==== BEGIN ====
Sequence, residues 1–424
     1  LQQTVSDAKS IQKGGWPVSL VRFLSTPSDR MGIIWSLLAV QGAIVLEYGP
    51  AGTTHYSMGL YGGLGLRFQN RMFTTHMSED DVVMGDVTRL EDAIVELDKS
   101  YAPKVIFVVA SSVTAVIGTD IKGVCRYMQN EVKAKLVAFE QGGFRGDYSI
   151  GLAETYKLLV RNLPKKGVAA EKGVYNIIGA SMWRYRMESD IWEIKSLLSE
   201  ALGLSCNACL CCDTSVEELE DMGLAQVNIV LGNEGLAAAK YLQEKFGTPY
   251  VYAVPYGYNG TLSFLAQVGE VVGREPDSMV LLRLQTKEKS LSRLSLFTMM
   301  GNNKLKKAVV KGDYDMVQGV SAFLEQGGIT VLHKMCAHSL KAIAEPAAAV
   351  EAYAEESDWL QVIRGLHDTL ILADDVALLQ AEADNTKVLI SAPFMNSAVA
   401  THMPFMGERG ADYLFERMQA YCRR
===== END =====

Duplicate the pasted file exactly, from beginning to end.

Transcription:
Sequence, residues 1–424
     1  LQQTVSDAKS IQKGGWPVSL VRFLSTPSDR MGIIWSLLAV QGAIVLEYGP
    51  AGTTHYSMGL YGGLGLRFQN RMFTTHMSED DVVMGDVTRL EDAIVELDKS
   101  YAPKVIFVVA SSVTAVIGTD IKGVCRYMQN EVKAKLVAFE QGGFRGDYSI
   151  GLAETYKLLV RNLPKKGVAA EKGVYNIIGA SMWRYRMESD IWEIKSLLSE
   201  ALGLSCNACL CCDTSVEELE DMGLAQVNIV LGNEGLAAAK YLQEKFGTPY
   251  VYAVPYGYNG TLSFLAQVGE VVGREPDSMV LLRLQTKEKS LSRLSLFTMM
   301  GNNKLKKAVV KGDYDMVQGV SAFLEQGGIT VLHKMCAHSL KAIAEPAAAV
   351  EAYAEESDWL QVIRGLHDTL ILADDVALLQ AEADNTKVLI SAPFMNSAVA
   401  THMPFMGERG ADYLFERMQA YCRR